, The Kitchn
, and Wednesday Chef
all recently featured this book, so I had to buy it. I'm glad I did as I want to bake every single recipe Kim Boyce dreamed up, from the maple scones
to the rye-crusted apricot boysenberry tarts
and kamut flour cookies
. Boyce treats grains not as a virtuous replacement for refined white flour, but as the source of enticing flavors and textures. This, to me, is the far more appealing approach. One morning last week I baked Boyce's strawberry barley scones
which were lovely, aromatic, and crumbly. Then Isabel tried the chocolate chip cookies
which call for 100% whole wheat flour and sounded too healthy to be delicious. They turned out to be some of the best chocolate chip cookies any of us have ever tasted -- dark, crispy, buttery, more intensely caramel flavored than others Isabel has baked.
Here's another fine attribute of these cookies: you eat one and you don't feel like you have to immediately eat ten more as fast as you can. When it comes to food, is "addictive" really a compliment? I wonder. This cookie is perfect when you're eating it, and when you're done, you're done. I need more cookies like that in my life.
About a year ago, I asked a food editor at a newspaper what the policy was on reprinting recipes from cookbooks. She said that in the context of a review it was generally considered acceptable to reprint from one to three recipes, with attribution, as you would reprint a passage from a novel. I don't think it's quite the same thing, but because I really do review cookbooks, because the cat is already out of the bag
, because I want to know what other people think of these cookies, and because I think they might convince you to buy her book, here's Boyce's recipe:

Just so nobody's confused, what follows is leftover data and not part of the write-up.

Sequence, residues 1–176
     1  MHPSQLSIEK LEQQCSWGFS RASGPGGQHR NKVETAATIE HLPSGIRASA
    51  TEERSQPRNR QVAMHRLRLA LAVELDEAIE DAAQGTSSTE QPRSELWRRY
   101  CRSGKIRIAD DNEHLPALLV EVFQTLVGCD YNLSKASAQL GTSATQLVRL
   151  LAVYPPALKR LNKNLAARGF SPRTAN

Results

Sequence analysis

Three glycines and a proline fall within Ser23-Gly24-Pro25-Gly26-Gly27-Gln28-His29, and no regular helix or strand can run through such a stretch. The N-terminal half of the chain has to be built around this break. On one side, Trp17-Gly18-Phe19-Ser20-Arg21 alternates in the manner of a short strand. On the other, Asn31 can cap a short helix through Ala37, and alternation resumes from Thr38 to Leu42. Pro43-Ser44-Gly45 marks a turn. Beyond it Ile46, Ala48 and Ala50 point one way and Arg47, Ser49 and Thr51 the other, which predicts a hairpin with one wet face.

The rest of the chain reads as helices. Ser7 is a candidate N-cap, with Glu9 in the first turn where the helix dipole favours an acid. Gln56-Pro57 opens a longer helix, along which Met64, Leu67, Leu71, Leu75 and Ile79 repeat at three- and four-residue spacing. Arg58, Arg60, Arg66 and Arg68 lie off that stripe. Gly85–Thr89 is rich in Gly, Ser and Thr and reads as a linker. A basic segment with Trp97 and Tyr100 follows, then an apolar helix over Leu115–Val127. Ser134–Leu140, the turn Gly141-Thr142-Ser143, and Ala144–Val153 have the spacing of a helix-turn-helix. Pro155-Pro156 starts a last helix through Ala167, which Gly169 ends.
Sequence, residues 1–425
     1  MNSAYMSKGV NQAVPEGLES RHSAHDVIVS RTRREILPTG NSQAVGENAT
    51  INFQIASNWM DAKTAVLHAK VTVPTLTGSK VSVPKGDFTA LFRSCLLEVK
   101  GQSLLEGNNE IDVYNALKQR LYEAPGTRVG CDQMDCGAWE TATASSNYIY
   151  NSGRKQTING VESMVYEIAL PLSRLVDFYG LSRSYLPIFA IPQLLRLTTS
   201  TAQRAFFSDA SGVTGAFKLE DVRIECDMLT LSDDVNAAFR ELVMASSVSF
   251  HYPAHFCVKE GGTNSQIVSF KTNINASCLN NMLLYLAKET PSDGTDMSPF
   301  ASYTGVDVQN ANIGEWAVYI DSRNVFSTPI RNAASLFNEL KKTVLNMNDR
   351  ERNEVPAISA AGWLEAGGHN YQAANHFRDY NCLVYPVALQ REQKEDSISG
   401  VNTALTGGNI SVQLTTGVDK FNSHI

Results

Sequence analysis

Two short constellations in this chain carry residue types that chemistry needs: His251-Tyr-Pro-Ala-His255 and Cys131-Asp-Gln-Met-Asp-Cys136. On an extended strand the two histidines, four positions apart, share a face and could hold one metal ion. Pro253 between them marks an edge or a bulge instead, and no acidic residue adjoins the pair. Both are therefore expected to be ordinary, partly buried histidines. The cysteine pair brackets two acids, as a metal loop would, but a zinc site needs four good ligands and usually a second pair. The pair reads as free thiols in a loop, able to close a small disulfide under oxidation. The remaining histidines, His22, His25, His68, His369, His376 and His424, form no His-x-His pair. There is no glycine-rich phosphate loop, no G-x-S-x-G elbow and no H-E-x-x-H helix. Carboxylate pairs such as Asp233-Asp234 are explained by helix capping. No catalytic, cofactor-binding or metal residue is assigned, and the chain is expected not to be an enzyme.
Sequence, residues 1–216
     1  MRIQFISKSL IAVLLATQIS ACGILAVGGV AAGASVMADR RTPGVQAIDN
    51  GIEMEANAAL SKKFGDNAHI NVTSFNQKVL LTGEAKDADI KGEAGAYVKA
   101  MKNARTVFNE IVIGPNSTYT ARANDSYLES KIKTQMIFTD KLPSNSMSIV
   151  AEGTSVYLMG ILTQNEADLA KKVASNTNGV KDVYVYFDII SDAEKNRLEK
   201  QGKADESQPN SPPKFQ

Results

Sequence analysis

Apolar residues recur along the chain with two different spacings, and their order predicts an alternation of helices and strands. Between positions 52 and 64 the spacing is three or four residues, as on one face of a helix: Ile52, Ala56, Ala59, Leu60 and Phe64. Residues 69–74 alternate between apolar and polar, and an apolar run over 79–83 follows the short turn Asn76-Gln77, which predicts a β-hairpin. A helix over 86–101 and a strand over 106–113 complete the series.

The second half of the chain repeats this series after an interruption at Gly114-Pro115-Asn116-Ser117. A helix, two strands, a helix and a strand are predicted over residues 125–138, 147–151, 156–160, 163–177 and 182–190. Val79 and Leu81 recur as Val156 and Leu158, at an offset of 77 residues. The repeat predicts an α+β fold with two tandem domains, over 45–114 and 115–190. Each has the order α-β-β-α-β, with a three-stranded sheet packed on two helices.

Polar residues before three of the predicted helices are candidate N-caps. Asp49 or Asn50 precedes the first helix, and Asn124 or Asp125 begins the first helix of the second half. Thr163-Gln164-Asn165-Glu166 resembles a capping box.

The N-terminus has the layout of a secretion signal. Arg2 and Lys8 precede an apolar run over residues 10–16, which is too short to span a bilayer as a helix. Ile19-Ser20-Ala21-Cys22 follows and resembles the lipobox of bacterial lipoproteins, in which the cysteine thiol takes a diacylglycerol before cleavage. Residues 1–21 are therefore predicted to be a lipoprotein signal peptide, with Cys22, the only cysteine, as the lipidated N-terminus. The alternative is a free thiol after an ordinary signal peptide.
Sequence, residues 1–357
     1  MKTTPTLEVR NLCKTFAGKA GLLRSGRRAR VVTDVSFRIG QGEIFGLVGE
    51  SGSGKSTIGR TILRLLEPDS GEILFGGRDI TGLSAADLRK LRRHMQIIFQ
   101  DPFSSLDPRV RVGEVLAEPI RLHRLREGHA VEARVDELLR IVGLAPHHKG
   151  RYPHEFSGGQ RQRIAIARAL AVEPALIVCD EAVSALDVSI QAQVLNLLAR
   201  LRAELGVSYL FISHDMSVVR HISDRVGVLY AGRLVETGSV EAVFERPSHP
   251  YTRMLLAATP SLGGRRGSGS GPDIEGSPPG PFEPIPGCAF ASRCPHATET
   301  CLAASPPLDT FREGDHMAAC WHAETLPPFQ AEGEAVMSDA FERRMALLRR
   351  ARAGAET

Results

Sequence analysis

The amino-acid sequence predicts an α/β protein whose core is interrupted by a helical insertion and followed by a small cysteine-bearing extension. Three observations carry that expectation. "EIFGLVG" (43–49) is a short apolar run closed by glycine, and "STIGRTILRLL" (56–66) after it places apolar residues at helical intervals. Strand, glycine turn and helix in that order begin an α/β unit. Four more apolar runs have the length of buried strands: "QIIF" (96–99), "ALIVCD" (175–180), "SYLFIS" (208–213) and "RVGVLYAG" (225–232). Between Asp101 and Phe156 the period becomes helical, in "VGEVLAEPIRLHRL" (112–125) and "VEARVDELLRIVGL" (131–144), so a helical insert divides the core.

Whole-wheat chocolate chip cookies
1. Preheat oven to 350. Line baking sheets with parchment.
2. Sift 3 cups whole wheat flour with 1 1/2 tsps. baking powder, 1 tsp. baking soda and 1 1/2 tsp. kosher salt, pouring back into the bowl any bits of grain or salt that may have remained in the sifter.
3. Cream 8 oz. cold unsalted butter with 1 cup dark brown sugar and 1 cup white sugar just until the sugars are mixed, about 2 minutes. Use a spatula to scrape the bowl.
4. Add 2 eggs, one at a time, mixing until each is combined. Mix in 2 tsp. vanilla.
5. Add flour and mix until just barely combined.
6. Add 8 oz. bittersweet chocolate chunks (you can chop your own, but Isabel used Guittard chunks.) Use your hands to finish mixing.
7. Scoop mounds of dough about 3 TBS in size onto the baking sheet, leaving 3 inches between them.
8. Bake for 16-20 minutes.
Revised cookie ranking:
by Kate Moses (Robust cookies flavored with espresso powder, irresistible and possibly unbeatable.)
2. Baking by Dorie Greenspan (The classic -- but better.)
3. Good to the Grain
by Kim Boyce
5. Toll House (The classic.)
5. Ad Hoc at Home (Too much severe chocolate, too little cookie)
6. Joy of Cooking, 1975 (Thin, pale, unimpressive.)
The top three cookies are neck-and-neck so Isabel will ultimately have to retest. Can't wait.
She's going to bake David Lebovitz's recipe this week.